Hatsune Miku as a concept is strange and somewhat baffling to an outsider looking in. In a way, that’s fitting for a game on a VR platform. In another way, it’s strange to see an artificial singer treated like a real on-stage goddess with adoring fans. It could be an old school vs. new school thing, as in theory, it’s no different than folks losing their minds over a Tupac hologram. To say that the Hatsune Miku phenomenon doesn’t usually click with me is an understatement — although there are a few songs I enjoy.
With VR Future Live, things go from a series of rhythm games that I’m bad at to a much simpler and far more enjoyable experience. The idea of being a fan in a concert has always been the narrative device used, but now, it comes to life because you are actually in a crowd with a slew of other fans flinging glow sticks all around. You can look around and be taken in by the sheer spectacle and damned if this didn’t just grab me the second the concert started up. Between the fancy light show, Miku’s ever-changing size and always-perfect choreography, it makes for a fun show — with the game aspect being fairly minimal.
The rhythm stuff that always killed me in prior Miku games (or any rhythm game for that matter) was largely a non-factor. Rhythm mini-games pop up mid-concert, but only last for about 30 seconds or so. Otherwise, your only mission is to have fun and move your controller around to the rhythm of the song — and all you really need to do there is copy the on-screen movements given to you and get your timing roughly in-line with the crowd. For someone who is terrible at rhythm games, this is absolutely goof-proof! You can even move around the arena via button presses to get a different view of the action.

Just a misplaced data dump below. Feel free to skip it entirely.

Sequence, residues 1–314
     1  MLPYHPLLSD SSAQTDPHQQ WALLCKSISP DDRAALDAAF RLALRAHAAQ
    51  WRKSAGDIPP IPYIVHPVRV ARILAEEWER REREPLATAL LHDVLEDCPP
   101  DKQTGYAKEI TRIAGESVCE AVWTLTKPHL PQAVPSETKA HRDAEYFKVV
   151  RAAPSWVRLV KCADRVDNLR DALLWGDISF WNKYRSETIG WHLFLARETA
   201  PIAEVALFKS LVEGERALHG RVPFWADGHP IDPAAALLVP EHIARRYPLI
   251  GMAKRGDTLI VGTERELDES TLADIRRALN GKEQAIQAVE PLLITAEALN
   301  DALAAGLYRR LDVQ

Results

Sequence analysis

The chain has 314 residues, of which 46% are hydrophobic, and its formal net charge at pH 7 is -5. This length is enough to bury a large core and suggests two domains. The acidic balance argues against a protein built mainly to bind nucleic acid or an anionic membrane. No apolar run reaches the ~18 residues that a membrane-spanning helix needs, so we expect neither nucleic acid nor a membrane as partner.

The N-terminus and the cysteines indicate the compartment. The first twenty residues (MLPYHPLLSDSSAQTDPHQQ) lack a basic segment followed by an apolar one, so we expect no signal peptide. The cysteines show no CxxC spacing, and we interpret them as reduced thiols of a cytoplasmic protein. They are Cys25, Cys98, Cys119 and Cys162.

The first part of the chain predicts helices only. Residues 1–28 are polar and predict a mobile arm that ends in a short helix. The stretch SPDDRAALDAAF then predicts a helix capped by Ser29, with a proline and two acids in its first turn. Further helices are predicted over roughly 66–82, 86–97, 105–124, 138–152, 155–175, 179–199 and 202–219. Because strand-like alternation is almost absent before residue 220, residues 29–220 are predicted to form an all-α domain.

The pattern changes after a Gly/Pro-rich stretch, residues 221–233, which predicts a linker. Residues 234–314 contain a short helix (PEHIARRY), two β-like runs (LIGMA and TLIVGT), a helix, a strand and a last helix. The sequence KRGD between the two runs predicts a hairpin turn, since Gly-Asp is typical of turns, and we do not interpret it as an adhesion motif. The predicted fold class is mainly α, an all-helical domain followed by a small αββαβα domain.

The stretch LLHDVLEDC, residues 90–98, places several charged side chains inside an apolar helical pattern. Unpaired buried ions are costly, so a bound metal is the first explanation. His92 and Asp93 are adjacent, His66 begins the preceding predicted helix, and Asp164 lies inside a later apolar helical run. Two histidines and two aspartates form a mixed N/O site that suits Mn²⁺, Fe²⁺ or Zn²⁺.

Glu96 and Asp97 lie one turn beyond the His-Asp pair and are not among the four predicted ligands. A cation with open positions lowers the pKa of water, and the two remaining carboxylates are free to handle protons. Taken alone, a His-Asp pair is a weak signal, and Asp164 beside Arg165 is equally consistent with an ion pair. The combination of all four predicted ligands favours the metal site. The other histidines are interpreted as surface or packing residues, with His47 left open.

It’s a pretty darn addictive experience since it’s non-stop movement and you’ve got all these bright lights and cheery music surrounding you. Moving the controller either forwards and backwards or side to side replicates whatever object you’ve been given at the concert. It starts as a glow stick, but the better you do, the more you get. I wound up with a saber made of light and a tambourine by the end of the show — and my exceptional performance led to the excitement meter reaching its highest point and getting a one on one encore performance.
In theory, this is the peak of the game. In reality, this is just kinda weird and creepy as a concept and in virtual reality, it’s even stranger! It’s just you and her in this grid paper-design room with her singing. There’s nothing to really do, you can’t move anything but the controller, and there’s no crowd or light show. It would have been better as a tutorial area because it’s a bring-down from a gaming perspective.
As a concept, Hatsune Miku: VR Future Live: 1st Stage is a solid buy. There are a reasonable amount of songs to enjoy and the idea of being at a virtual concert is done perfectly. You really do feel like you’re a part of the show and it does everything it sets out to do. For those who love everything Hatsune Miku, it’s a great pickup and even for those who just don’t “get” it, check it out because it is something that can convert you into at least seeing the merit behind the concept. 1st Stage is a lot of fun and while the experience is brief even with multiple setlists, the idea of replaying it to get a better performance is always there — so it has a fair amount of replay value.